Changing a Course on Development, Part 4

Despite varying degrees of success in my first-year seminar — which I decided to stop teaching — I’m going to again have students design board games based on course content. But I’m going to organize this process differently than before. 

There will be two rounds of game design and each will use SCAMPER, an acronym for a design thinking technique that I will demonstrate with an in-class exercise. In the first round, each student will complete a writing assignment that applies SCAMPER to the California Water Crisis (CWC) game used by Andrew Biro. Here is what SCAMPER looks like in this context:

  • Substitute: what part of the game can be substituted for some other part?
  • Combine: can two separate processes in the game be integrated into one?
  • Adapt: can an aspect of some other game be adapted for use in this game?
  • Modify: can a process that is part of the game be modified, enhanced, or simplified?
  • Put to other use: can a part of the game serve some other function within the game?
  • Eliminate: can any part of the game can be removed/omitted?
  • Reverse: what happens if some process in the game is reversed?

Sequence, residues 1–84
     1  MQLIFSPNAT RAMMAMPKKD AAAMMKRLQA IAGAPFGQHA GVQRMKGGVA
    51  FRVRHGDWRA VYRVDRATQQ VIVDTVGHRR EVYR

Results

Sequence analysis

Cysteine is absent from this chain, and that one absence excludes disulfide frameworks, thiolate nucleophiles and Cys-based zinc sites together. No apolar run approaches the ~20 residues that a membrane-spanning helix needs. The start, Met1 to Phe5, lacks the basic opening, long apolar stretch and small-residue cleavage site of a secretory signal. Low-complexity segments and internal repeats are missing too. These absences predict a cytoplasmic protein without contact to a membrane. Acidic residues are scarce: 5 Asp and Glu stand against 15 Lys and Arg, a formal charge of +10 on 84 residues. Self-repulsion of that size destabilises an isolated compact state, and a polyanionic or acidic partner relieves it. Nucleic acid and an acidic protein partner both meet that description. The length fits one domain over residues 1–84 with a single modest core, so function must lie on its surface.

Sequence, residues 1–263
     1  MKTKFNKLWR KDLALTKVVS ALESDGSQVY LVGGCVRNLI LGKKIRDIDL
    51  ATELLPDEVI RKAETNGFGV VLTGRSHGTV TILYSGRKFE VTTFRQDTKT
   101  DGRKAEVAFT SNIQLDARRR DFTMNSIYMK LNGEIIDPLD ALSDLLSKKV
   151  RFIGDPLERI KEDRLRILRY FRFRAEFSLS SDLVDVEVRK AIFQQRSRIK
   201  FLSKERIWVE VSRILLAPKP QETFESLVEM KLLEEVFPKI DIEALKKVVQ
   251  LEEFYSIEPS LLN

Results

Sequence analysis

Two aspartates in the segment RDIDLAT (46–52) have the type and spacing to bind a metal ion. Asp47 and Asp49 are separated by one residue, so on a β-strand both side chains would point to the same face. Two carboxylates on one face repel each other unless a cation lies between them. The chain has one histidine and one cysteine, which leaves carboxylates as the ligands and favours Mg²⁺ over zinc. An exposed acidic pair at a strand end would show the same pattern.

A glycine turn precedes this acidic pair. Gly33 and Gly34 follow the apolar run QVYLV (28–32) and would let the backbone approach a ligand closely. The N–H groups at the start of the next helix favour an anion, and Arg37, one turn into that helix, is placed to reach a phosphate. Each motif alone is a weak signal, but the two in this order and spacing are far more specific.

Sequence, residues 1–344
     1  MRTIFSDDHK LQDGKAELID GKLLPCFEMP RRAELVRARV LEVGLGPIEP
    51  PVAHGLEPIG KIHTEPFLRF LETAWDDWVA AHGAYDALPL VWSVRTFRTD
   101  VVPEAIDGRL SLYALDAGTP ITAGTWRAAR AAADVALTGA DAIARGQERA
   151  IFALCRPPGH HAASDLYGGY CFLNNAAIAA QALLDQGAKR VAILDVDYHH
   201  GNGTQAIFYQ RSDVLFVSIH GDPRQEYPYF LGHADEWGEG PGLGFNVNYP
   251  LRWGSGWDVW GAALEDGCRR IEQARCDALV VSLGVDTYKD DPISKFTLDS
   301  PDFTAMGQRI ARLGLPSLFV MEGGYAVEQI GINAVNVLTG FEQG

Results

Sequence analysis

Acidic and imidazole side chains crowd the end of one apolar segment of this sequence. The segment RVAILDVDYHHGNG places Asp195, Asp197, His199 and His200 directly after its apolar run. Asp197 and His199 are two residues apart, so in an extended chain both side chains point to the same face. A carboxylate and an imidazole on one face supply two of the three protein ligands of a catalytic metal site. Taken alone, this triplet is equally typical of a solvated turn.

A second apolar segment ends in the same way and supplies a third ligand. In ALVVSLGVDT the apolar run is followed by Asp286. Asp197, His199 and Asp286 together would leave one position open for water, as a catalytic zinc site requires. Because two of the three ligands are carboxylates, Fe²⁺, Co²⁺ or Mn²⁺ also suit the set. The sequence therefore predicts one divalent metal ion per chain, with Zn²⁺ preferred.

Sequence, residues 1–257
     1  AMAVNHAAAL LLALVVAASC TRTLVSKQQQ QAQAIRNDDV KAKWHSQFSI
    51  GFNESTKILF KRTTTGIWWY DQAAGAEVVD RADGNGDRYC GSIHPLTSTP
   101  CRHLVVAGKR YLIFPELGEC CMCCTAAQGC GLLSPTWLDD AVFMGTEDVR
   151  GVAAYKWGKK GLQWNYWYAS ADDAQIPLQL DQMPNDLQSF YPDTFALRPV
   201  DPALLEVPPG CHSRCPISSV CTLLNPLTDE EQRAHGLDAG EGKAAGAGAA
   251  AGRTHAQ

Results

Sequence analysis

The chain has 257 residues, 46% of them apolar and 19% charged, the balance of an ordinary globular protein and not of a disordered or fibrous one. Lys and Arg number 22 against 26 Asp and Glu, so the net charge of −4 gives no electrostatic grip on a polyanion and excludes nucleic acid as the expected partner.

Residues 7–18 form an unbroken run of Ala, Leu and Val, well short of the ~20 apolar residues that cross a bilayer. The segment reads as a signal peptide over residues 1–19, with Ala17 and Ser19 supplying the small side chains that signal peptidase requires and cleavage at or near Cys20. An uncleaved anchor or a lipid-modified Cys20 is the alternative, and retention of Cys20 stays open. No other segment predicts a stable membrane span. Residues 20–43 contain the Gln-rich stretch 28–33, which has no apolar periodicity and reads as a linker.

Here are the directions for the first round’s writing assignment:


The CWC game teaches people about the water crisis in California. A different design for the game might enable people to learn more about this topic.


Design a new version of the game by applying at least three elements of SCAMPER.


Write a proposal to Hasbro’s Product Development Division in which you discuss SCAMPER-based changes to the CWC game. Identify what features of the game will change, how they will change, and why these changes are beneficial.

After the writing assignment, students will be clustered into teams for a brainstorming and presentation session, which I have tentatively organized as follows:

  • 5 minutes: each person has 1 minute to pitch their proposal to teammates.
  • 30 minutes: each team builds a presentation of a collective proposal.
  • 25 minutes: presentations.
  • 10 minutes: class debriefing discussion.

Links to the full series of posts on redesigning this course: